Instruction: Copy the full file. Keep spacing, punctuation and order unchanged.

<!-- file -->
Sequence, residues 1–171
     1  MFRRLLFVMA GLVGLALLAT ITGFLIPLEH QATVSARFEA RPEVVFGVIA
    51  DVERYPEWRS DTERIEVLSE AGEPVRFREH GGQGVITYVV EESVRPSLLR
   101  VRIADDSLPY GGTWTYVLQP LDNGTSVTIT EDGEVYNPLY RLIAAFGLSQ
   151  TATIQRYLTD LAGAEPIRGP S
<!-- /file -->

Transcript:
Sequence, residues 1–171
     1  MFRRLLFVMA GLVGLALLAT ITGFLIPLEH QATVSARFEA RPEVVFGVIA
    51  DVERYPEWRS DTERIEVLSE AGEPVRFREH GGQGVITYVV EESVRPSLLR
   101  VRIADDSLPY GGTWTYVLQP LDNGTSVTIT EDGEVYNPLY RLIAAFGLSQ
   151  TATIQRYLTD LAGAEPIRGP S